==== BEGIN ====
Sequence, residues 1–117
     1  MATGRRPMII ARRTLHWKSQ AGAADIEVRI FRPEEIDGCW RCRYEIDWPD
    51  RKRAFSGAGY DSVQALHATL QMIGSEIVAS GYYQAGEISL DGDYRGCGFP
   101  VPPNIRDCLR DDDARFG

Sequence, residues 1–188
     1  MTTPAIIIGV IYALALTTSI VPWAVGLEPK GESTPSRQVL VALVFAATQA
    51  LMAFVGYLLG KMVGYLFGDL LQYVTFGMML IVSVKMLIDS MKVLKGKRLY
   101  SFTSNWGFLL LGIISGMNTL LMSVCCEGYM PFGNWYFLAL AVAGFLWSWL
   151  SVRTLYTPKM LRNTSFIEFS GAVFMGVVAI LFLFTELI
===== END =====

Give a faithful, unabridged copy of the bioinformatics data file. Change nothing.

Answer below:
Sequence, residues 1–117
     1  MATGRRPMII ARRTLHWKSQ AGAADIEVRI FRPEEIDGCW RCRYEIDWPD
    51  RKRAFSGAGY DSVQALHATL QMIGSEIVAS GYYQAGEISL DGDYRGCGFP
   101  VPPNIRDCLR DDDARFG

Sequence, residues 1–188
     1  MTTPAIIIGV IYALALTTSI VPWAVGLEPK GESTPSRQVL VALVFAATQA
    51  LMAFVGYLLG KMVGYLFGDL LQYVTFGMML IVSVKMLIDS MKVLKGKRLY
   101  SFTSNWGFLL LGIISGMNTL LMSVCCEGYM PFGNWYFLAL AVAGFLWSWL
   151  SVRTLYTPKM LRNTSFIEFS GAVFMGVVAI LFLFTELI